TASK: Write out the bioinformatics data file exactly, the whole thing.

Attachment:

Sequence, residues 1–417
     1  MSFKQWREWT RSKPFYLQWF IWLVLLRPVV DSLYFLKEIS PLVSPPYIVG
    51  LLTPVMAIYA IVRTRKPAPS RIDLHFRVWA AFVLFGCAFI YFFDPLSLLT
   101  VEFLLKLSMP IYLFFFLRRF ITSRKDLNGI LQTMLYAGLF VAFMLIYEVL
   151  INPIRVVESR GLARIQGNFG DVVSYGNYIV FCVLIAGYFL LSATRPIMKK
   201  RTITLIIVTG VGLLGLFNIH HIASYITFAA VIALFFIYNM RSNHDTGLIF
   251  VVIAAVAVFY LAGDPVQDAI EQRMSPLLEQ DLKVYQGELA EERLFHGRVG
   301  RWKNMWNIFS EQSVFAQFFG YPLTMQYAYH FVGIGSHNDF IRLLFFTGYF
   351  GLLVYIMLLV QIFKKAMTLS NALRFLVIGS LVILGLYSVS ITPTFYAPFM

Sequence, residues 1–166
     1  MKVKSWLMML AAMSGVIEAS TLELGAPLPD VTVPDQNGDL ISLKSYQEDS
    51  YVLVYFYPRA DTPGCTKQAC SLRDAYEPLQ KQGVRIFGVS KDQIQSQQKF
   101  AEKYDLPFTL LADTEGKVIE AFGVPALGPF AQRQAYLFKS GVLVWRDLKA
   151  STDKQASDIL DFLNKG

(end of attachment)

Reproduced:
Sequence, residues 1–417
     1  MSFKQWREWT RSKPFYLQWF IWLVLLRPVV DSLYFLKEIS PLVSPPYIVG
    51  LLTPVMAIYA IVRTRKPAPS RIDLHFRVWA AFVLFGCAFI YFFDPLSLLT
   101  VEFLLKLSMP IYLFFFLRRF ITSRKDLNGI LQTMLYAGLF VAFMLIYEVL
   151  INPIRVVESR GLARIQGNFG DVVSYGNYIV FCVLIAGYFL LSATRPIMKK
   201  RTITLIIVTG VGLLGLFNIH HIASYITFAA VIALFFIYNM RSNHDTGLIF
   251  VVIAAVAVFY LAGDPVQDAI EQRMSPLLEQ DLKVYQGELA EERLFHGRVG
   301  RWKNMWNIFS EQSVFAQFFG YPLTMQYAYH FVGIGSHNDF IRLLFFTGYF
   351  GLLVYIMLLV QIFKKAMTLS NALRFLVIGS LVILGLYSVS ITPTFYAPFM

Sequence, residues 1–166
     1  MKVKSWLMML AAMSGVIEAS TLELGAPLPD VTVPDQNGDL ISLKSYQEDS
    51  YVLVYFYPRA DTPGCTKQAC SLRDAYEPLQ KQGVRIFGVS KDQIQSQQKF
   101  AEKYDLPFTL LADTEGKVIE AFGVPALGPF AQRQAYLFKS GVLVWRDLKA
   151  STDKQASDIL DFLNKG